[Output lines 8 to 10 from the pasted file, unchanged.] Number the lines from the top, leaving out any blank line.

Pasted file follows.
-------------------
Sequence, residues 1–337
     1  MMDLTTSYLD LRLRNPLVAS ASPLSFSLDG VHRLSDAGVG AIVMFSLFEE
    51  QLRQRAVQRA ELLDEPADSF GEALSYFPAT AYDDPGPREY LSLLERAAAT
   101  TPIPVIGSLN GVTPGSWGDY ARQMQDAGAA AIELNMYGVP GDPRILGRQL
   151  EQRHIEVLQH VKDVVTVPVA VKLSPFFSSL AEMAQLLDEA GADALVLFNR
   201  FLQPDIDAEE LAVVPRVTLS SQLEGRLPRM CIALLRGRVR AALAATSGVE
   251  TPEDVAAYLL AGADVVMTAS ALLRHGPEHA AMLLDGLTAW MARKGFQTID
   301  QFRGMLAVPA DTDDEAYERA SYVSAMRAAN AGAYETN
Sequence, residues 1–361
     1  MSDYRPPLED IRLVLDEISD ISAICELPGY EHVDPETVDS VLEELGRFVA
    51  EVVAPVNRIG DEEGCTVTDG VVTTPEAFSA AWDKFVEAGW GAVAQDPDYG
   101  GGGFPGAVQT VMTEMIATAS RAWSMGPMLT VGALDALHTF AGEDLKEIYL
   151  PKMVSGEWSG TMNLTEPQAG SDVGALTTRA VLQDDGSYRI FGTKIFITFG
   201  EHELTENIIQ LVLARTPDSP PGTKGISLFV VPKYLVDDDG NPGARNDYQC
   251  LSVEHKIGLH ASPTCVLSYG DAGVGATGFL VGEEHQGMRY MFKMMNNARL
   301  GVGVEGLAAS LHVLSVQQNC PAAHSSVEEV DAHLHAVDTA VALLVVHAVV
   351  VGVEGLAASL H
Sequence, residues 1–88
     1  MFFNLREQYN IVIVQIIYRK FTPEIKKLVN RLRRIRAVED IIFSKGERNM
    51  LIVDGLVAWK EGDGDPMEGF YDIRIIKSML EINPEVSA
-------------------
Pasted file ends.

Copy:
   301  QFRGMLAVPA DTDDEAYERA SYVSAMRAAN AGAYETN
Sequence, residues 1–361
     1  MSDYRPPLED IRLVLDEISD ISAICELPGY EHVDPETVDS VLEELGRFVA